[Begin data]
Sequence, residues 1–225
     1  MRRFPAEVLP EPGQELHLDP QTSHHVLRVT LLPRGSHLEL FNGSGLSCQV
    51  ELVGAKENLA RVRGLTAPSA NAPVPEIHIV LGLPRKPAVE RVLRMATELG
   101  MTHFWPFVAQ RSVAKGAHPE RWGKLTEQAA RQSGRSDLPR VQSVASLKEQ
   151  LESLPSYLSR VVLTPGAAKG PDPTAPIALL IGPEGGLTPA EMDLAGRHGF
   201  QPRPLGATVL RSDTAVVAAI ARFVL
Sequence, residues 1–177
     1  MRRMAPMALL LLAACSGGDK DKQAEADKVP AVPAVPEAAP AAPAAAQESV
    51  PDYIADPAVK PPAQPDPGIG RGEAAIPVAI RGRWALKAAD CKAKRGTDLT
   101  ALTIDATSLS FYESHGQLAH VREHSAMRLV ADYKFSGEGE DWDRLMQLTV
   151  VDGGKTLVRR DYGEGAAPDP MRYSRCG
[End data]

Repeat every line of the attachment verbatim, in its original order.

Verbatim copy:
Sequence, residues 1–225
     1  MRRFPAEVLP EPGQELHLDP QTSHHVLRVT LLPRGSHLEL FNGSGLSCQV
    51  ELVGAKENLA RVRGLTAPSA NAPVPEIHIV LGLPRKPAVE RVLRMATELG
   101  MTHFWPFVAQ RSVAKGAHPE RWGKLTEQAA RQSGRSDLPR VQSVASLKEQ
   151  LESLPSYLSR VVLTPGAAKG PDPTAPIALL IGPEGGLTPA EMDLAGRHGF
   201  QPRPLGATVL RSDTAVVAAI ARFVL
Sequence, residues 1–177
     1  MRRMAPMALL LLAACSGGDK DKQAEADKVP AVPAVPEAAP AAPAAAQESV
    51  PDYIADPAVK PPAQPDPGIG RGEAAIPVAI RGRWALKAAD CKAKRGTDLT
   101  ALTIDATSLS FYESHGQLAH VREHSAMRLV ADYKFSGEGE DWDRLMQLTV
   151  VDGGKTLVRR DYGEGAAPDP MRYSRCG